Green party leaders dropped their insistence that Germany ban new fossil-fuel powered vehicles by 2030 as well as the country switching off its remaining coal-burning power plants by that year in a bid to compromise as pre-coalition talks drag on.
The deadline to wrap up the talks comes and goes as the Jamaica coalition remain divided over migration, climate change, Europe and taxes.
A new deadline of Sunday 19th November 6pm is set for the parties to reach a preliminary agreement.
Talks collapse making another election look likely.
Schulz stands firm on his rejection of another coalition in favour of a snap election.
Merkel is left with the option to form a minority government with either the Greens or FPD. However this has never been tested at a national level in Germany for an entire term and would be far from ideal for the chancellor, forcing her to gather support from opposition MP’s to pass laws.
Schulz is under pressure to reconsider a coalition with Merkel. The party leader faces a backlash from within the SPD if he rejects a new grand coalition.
Schulz is re-elected SPD party leader with 82% of the vote. He was the sole candidate.
Schulz green lights new talks with Merkel, putting his vision of a federal Europe top of the agenda for government discussions. Schulz wants a United States of Europe by 2025.
Merkel and Schulz agree to wrap up initial talks by mid-January. The SPD will decide later in the month whether to move forward with formal coalition negotiations.
Hungarian Prime Minister, Viktor Orban, attends CSU party summit at former monastery in Bavaria. The CSU feted Hungary’s hard-line leader as the guardian of the EU’s external borders at another summit – a direct rebuke of Merkel and her open-border policy.
The CDU and SPD are expected to come to an agreement this week to form another grand coalition.
The would-be coalition agree that reducing the country’s emissions by 2020 – a goal that Merkel promised to achieve as part of her election campaign – is impossible to acheive and set 2030 as the new target.
Progress appears to have been made with draft documents showing that the coalition have drawn up rules to attract skilled immigrants, agreed to support cleaner combustion engines and approved some tax measures. Talks are due to end today with the decision to move forward to formal negotiations hanging in the balance. The parties still have to discuss euro zone reform and family reunification for migrants.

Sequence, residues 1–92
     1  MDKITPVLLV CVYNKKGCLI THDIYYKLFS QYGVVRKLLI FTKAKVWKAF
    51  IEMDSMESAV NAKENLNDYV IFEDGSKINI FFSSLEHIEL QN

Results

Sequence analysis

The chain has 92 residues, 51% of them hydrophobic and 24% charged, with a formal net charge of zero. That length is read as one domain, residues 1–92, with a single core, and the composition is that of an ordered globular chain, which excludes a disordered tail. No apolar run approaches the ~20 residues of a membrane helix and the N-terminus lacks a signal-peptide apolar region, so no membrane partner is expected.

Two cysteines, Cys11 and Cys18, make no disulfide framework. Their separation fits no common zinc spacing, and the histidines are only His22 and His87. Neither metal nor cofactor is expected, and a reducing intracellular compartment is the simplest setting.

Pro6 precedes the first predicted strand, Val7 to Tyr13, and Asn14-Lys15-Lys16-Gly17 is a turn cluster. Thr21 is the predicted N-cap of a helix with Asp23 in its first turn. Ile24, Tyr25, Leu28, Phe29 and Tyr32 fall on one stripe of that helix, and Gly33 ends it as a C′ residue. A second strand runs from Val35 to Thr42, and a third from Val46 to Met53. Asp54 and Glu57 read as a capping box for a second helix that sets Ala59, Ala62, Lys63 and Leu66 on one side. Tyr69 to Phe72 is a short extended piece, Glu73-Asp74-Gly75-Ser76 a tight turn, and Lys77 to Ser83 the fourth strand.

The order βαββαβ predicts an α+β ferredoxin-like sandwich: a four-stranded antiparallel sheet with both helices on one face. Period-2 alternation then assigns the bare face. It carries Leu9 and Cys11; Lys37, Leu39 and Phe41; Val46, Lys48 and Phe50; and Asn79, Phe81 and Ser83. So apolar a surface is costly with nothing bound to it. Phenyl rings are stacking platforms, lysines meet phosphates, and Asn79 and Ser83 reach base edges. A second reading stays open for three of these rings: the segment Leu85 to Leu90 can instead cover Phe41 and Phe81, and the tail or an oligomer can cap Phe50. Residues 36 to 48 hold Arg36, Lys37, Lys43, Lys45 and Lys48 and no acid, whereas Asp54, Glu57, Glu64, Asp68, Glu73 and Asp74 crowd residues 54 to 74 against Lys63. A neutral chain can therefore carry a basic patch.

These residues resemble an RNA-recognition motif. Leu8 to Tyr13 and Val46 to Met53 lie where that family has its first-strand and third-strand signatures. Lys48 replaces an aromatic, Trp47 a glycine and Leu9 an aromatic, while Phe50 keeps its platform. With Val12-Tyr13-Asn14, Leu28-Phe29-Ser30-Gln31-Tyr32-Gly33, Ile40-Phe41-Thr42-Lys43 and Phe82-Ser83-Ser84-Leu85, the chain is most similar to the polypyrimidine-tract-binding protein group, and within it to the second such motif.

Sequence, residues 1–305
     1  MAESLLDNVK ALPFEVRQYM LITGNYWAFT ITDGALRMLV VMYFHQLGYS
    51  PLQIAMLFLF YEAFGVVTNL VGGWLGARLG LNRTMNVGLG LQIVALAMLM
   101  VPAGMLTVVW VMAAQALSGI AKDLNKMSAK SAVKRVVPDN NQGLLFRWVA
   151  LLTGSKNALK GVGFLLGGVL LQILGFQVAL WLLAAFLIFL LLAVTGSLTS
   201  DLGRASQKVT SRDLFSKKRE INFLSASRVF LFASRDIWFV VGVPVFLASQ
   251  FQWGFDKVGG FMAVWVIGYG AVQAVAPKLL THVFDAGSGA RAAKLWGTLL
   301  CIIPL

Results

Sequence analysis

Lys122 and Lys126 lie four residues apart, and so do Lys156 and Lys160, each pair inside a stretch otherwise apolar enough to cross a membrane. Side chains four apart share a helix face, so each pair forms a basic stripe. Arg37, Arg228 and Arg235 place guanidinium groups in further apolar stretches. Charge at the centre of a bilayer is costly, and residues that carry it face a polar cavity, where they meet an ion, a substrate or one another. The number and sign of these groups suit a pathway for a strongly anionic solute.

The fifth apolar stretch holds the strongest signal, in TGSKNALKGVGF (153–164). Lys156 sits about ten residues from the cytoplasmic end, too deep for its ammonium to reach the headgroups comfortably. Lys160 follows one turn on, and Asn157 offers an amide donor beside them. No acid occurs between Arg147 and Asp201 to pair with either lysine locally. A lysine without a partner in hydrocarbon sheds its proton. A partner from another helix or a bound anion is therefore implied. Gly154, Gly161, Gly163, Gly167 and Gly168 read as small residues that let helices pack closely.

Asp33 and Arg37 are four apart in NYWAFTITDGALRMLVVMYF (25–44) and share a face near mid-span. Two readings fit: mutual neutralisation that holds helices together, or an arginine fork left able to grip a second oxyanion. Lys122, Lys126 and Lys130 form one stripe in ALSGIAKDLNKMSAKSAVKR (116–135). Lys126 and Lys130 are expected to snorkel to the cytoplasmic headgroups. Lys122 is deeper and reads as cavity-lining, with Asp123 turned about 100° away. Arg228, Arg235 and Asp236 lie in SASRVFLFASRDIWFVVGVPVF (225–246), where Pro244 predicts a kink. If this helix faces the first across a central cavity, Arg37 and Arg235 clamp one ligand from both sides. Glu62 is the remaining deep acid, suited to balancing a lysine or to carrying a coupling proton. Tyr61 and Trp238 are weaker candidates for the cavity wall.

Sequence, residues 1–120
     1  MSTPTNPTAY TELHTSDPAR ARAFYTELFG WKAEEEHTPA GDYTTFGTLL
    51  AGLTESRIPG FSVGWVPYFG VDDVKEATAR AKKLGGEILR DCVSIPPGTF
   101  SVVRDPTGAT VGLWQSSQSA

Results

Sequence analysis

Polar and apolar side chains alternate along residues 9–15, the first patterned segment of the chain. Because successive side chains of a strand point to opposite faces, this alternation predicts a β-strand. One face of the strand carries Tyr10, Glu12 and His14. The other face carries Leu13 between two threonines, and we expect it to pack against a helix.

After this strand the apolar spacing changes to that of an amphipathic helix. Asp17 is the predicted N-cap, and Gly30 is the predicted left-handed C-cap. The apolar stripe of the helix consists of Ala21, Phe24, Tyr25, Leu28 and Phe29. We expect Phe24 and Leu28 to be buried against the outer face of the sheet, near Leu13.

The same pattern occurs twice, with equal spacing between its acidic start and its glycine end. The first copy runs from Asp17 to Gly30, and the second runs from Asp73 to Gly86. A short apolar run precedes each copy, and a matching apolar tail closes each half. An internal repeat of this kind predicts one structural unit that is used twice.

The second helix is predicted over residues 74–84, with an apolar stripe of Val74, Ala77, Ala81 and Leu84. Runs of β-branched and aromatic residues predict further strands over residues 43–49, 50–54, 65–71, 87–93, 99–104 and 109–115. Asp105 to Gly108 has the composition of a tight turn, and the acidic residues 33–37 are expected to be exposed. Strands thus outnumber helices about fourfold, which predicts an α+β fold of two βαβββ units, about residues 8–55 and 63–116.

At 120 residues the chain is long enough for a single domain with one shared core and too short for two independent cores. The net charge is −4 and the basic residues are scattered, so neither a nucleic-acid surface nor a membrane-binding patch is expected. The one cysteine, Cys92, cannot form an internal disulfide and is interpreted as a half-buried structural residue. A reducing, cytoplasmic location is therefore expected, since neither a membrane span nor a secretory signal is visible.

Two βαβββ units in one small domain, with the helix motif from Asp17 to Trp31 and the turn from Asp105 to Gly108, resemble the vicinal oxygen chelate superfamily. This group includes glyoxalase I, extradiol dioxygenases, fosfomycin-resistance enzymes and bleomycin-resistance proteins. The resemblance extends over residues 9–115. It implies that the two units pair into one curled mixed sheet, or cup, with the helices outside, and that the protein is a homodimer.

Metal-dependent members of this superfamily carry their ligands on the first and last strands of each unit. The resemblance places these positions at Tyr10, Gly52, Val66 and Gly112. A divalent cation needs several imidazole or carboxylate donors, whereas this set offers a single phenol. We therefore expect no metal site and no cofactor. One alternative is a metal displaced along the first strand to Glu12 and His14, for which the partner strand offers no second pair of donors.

Germany wakes up to the news that, after 24 hours of gruelling discussion, the CDU, CSU and SPD have achieved a breakthrough and formal talks are thought to be able to start once the SPD confirms next week.
The parties were able to agree on a return to equal pay contributions for health insurance and tight rules for family reunification for refugees.
Sticking points were the top tax rate although no increase has been cited in the exploratory paper, even though the SPD were pushing for it.
It looks as though pre-negotiations will now lead to formal talks, however this needs to be confirmed by the SPD at a special party conference in Bonn on 21st January.
The SPD votes to move forward with formal talks – but only just. A slim 56% margin (less than analysts predicted) could lead to much harder negotiation from the SPD during talks.
Merkel, Schulz and Hoorst Seehofer (CSU) are thought to be meeting today, with a view to formal discussions beginning as soon as Tuesday or Wednesday this week.